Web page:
THE only surviving structure from the 19th century Castle Mills industrial complex in Edinburgh has been brought back to life following a lengthy restoration project, led by Page\Park Architects.
Once home to the North British Rubber Company (NBRC), the long derelict building on Dundee Street in the Foutainbridge area of the capital once employed some 3,000 people and produced all variety of rubber products. Now, it has been completely transformed into Edinburgh Printmakers – a multi-use arts complex with a focus on printmaking production.
The renovated building will serve as the new headquarters for Edinburgh Printmakers. The artist-run organisation had outgrown its previous base, a former Georgian washhouse on the city’s Union Street, so took on the derelict Dundee Street site, which had lain empty for a decade. It was on the Buildings at Risk Register, riddled with wet and dry rot and had been vandalised.
“It was in a very, very sorry state,” said Suzy O’Leary, lead architect on the project, acknowledging how ‘ambitious’ Edinburgh Printmakers’ vision was. “They drew up a brief which included quite a large expansion of their business, so the print studio is now 50% bigger than the previous one, but now they’ve also got two big gallery spaces, a café, a shop, education space, proper archives, creative industry studios and so on.”
When Page\Park came onboard in 2014, Suzy said the team was immediately struck by the building’s ‘fascinating heritage’ and at a time when Fountainbridge was experiencing a lot of redevelopment, it seemed important to maintain this ‘little gem from the past’.
“Socially and historically, it’s quite significant,” she mused. “It’s one of those places where if you mention to anybody in the area that you’re working on it, they all have a connection to it. Lots of people’s mums worked there and that kind of thing. It was quite important for us to maintain that story and that history, while still allowing the Printmakers to move in and expand it.”
However, the sorry state of the existing building proved to be the project’s biggest challenge.
“There was dry rot everywhere and unfortunately, we lost all the existing floors. They are all timber and at the start of the project it wasn’t really safe to go into the building because it was all so rotten, so we lost all the floors but we were keen to keep as much of that existing fabric as possible, so we did a lot of repair work to the existing roof trusses which are now quite a big feature in the print studio,” Suzy said.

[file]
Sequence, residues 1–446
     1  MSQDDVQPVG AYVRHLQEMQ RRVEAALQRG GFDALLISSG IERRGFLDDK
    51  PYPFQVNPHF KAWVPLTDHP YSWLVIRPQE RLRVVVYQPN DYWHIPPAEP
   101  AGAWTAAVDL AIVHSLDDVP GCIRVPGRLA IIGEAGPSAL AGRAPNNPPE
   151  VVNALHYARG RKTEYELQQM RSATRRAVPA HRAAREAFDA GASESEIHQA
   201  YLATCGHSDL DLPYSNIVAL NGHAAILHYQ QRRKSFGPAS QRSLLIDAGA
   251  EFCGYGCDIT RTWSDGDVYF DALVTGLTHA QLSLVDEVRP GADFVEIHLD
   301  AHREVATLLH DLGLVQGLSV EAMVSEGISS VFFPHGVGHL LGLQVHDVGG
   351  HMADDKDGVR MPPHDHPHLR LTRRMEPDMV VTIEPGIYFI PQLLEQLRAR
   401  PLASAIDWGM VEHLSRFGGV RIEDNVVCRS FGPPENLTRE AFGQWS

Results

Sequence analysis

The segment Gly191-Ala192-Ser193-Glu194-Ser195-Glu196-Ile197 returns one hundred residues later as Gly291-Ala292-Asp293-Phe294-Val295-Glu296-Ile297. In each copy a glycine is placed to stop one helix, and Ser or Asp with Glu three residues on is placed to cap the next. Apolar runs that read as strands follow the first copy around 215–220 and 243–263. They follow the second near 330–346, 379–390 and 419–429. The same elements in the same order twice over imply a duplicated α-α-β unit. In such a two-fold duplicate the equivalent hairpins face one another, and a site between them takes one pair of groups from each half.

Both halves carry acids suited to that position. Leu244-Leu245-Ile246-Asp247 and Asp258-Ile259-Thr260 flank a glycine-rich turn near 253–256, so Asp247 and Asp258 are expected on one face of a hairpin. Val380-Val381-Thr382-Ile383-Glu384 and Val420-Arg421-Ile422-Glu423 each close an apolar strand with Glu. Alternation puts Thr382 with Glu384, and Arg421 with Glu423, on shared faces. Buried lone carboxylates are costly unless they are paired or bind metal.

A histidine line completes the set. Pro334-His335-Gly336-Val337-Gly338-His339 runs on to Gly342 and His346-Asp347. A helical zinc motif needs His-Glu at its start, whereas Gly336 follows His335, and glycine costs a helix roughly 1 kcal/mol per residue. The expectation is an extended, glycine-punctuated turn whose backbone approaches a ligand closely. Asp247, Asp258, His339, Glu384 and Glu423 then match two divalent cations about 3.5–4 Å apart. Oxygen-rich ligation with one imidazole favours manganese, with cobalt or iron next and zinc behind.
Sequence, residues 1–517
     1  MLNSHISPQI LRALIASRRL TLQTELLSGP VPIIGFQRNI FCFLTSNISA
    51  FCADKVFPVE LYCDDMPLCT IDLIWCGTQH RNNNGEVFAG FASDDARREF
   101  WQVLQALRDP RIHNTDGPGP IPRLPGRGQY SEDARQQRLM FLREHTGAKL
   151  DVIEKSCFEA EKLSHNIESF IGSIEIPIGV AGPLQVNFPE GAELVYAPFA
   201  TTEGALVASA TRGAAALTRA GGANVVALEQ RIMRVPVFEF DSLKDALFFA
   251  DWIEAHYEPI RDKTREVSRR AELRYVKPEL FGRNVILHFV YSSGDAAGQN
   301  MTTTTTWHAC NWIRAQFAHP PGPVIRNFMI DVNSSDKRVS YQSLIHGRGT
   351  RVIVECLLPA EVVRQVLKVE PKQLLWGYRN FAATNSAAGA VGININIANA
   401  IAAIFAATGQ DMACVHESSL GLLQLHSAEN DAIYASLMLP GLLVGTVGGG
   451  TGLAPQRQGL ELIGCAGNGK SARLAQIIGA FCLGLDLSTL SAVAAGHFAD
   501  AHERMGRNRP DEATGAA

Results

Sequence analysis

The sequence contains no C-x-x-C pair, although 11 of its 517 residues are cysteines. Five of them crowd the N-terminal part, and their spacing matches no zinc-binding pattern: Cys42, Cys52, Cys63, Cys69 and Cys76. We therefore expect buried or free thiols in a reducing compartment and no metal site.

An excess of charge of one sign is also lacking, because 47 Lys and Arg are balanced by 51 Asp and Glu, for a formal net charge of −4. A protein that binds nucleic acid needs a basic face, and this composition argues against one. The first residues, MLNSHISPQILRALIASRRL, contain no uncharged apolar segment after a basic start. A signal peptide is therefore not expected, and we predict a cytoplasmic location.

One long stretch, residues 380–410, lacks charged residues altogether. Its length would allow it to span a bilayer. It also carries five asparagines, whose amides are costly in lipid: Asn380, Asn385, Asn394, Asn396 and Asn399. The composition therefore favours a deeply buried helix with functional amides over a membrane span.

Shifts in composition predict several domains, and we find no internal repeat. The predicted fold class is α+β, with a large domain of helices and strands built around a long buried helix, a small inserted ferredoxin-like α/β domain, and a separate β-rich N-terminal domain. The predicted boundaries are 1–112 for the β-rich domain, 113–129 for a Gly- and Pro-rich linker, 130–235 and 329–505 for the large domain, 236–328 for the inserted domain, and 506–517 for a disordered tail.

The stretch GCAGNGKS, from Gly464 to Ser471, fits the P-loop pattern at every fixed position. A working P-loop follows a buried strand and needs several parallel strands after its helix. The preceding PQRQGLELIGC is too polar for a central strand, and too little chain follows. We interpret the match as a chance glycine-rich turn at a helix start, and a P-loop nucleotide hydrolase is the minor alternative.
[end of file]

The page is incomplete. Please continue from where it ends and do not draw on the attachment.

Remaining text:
“The second challenge was the brick. It was painted in brown all over, so we needed to remove that paint and we didn’t know what was underneath before we started work. So, I personally spent many, many weeks walking up and down scaffolding looking at the brick as the paint was gradually, carefully stripped, identifying what was the minimum we could do because we didn’t want to lose that character and texture, but obviously we needed to make it watertight and suitable for use and robust and so on.”
Ensuring the multi-level building was fully accessible to all of Edinburgh Printmakers’ members was also key to the design brief, “so that it could really be a proper community resource, both in the area but also more nationally, as a centre for printmaking for Scotland,” Suzy explained.
“We were keen to use lots of rubber in the building because it was a rubber company,” Suzy continued. The material was used for flooring and counter surfaces, while one of the building’s permanent artworks, designed by Page\Park, was also clad in rubber.
“It’s a giant periscope that gives you a view up into the print studio, two storeys high,” Suzy explained. “It’s quite fun. It’s a kind of hybrid periscope/kaleidoscope, so the kaleidoscope element of it is a series of images of products being made in the Rubber Company, which sit within the depth of that periscope and create this pattern of hot water bottles and rubber wellie boots and things, overlaid on the view of the print studio.”
When it comes to restoring a building, how does one strike the balance between the past and the future? “It’s really difficult,” Suzy admitted. “With this project I spent a huge amount of time onsite… I really needed to look at everything and think about it onsite very carefully and work with the contractor to make sure we didn’t lose any of that character and texture and patina.
“There’s all sorts of remnants of old paint and old interior schemes that we just left as part of that character. We don’t want to whitewash it away; we don’t want to clean it too much. It’s not stripped back too much; it’s about responding to what we saw day-to-day, rather than sitting in the studio, drawing things, deciding what to do from here (in the studio). It was about being there and reacting to the building.”
Five years in the making, Edinburgh Printmakers opened its doors at the end of April.
“It was a journey,” Suzy added, reflecting on the project. “We started in 2014 and it was hard, it was tough onsite because there were lots of surprises. So, now that it’s finished, it’s kind of extraordinary.
“We were given the opportunity to really go for it and really think about how to deal with our built heritage in a way that’s sensitive and sustainable, and incorporating the existing history, as well as the future to come, into that architecture has been really great for us.”
Interserve Construction was main contractor on the project, while Advance Construction Scotland took on the role of landscape contractor. Doig and Smith were appointed as both cost consultant and principal designer.